The Middle East and northern Africa have become fertile areas for marketers at Brazil’s Embraer, now the undisputed leader in terms of fleet presence in the region among the world’s regional airliner manufacturers. Of course, the nearly decade-long effort to gain a foothold in a region long considered the virtually exclusive domain of widebodies didn’t yield immediate results, but Embraer’s persistence has undoubtedly paid handsome dividends.
A new Gulf Cooperation Council (GCC) aviation study predicts that the Persian Gulf region will see 250 million passengers using its airports each year by 2020 and that annual Middle East aircraft movements will reach 2.3 million five years later, when the number of people living within range of a single flight reaches some 7 billion. The study, titled “The World Via Gulf” and published for Dubai’s The Airport Show, scheduled to take place from May 6 to 8 in Dubai, concludes that the region’s aviation industry will create 294,000 jobs over the next two decades.
Bahraini flag carrier Gulf Air last week signaled a major shift in its fleet plans, affecting orders with both Boeing and Airbus. The airline has already signed so-called amendment agreements with the manufacturers “to reduce long-term liability and meet future strategic needs.”
Gulf Air said negotiations with the airframers date back to last year, as high fuel prices, a general slump in air traffic and so-called regional developments forced the airline to suspend service to a number of destinations in a bid to preserve its ongoing viability.
Bahrain Air got started close to the onset of the global economic slowdown and has found it hard to escape its grip. Incorporated in 2007 and operating its first flight in February 2008, the carrier has struggled to thrive in the cut-throat arena of the Arabian Gulf’s air transport market.
With Middle Eastern Emirates, Etihad and Qatar airlines experiencing exponential growth in the Arabian Gulf, there is a growing requirement for qualified pilots. The Gulf Aviation Training Event (GATE) will bring a panel of industry experts together to discuss and debate the pilot shortage in the region.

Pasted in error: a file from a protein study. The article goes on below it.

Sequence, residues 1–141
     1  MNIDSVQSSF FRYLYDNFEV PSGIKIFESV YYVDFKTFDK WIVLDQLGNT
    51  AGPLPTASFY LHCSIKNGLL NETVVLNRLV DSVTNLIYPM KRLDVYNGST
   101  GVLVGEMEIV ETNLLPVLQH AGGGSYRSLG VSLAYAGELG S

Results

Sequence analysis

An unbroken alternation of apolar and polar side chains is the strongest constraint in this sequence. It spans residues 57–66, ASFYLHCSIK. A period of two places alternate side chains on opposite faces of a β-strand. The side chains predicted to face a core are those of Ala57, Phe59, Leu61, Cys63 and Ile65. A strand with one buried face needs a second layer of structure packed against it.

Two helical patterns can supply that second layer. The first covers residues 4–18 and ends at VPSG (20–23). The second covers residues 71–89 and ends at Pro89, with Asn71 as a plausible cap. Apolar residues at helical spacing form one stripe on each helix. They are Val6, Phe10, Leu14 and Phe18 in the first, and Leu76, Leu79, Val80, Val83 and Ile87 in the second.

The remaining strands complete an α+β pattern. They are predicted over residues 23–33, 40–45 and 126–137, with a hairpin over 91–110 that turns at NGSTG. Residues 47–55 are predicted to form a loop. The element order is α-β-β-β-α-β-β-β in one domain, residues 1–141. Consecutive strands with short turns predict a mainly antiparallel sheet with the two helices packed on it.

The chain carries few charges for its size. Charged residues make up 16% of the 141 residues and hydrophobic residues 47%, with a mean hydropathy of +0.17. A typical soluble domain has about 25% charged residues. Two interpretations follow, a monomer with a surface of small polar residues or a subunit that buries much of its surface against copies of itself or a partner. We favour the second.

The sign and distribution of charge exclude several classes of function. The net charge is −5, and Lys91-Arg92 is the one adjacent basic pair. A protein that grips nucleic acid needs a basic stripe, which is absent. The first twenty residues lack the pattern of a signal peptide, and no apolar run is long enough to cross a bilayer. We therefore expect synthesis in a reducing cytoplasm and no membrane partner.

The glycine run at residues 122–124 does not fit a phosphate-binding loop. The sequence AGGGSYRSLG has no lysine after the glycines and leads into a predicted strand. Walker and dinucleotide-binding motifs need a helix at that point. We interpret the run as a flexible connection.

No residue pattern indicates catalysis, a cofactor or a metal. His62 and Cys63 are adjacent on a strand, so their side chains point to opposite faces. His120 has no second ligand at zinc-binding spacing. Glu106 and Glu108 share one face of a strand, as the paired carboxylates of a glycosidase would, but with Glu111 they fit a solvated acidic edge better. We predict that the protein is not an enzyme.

Privately owned Bahrain Air continues to struggle to establish its place in the Gulf Cooperation Council region, which has a proliferation of flag carriers and no-frills operators. After making its first passenger flight in February 2008, Bahrain Air has seen its passenger count rise to 720,000 in 2010, only to decrease to 640,000 last year, amid the global economic downturn and the internal troubles of its home country.
Regional airline service has been slow to take root in the Middle East, and especially at the entry-level turboprop end of the market. But now, a start-up operator in the United Arab Emirates (UAE) is preparing to launch a feeder service to the region’s aspiring hubs in Abu Dhabi and Doha, giving locals the chance to bypass crowded Dubai.
Based in Fujairah, UAE, Eastern Express plans to ferry business passengers into Abu Dhabi and Doha to connect with growing Gulf-based international passenger networks starting during this year’s first quarter.
As the next biennial Dubai Air Show approaches, all eyes are on the Middle East, but not entirely for the usual reasons. Even after being dented by the financial crisis of 2008-2009, the region still holds huge potential for the air transport and aerospace industries.
An effort to inspire the youth of the United Arab Emirates to become the next generation of aviation professionals will take the form of the inaugural “Futures Day” at this year’s Dubai Air Show, scheduled to run from November 13 to 17 at the city’s Airport Expo.
Senior-level students from key UAE colleges and universities will receive invitations to attend Futures Day on the show’s final day.
No one can say where, when or how the rolling political crisis in North Africa and the Middle East will end, but it already seems clear that it doesn’t spell good news for the air transport industry.
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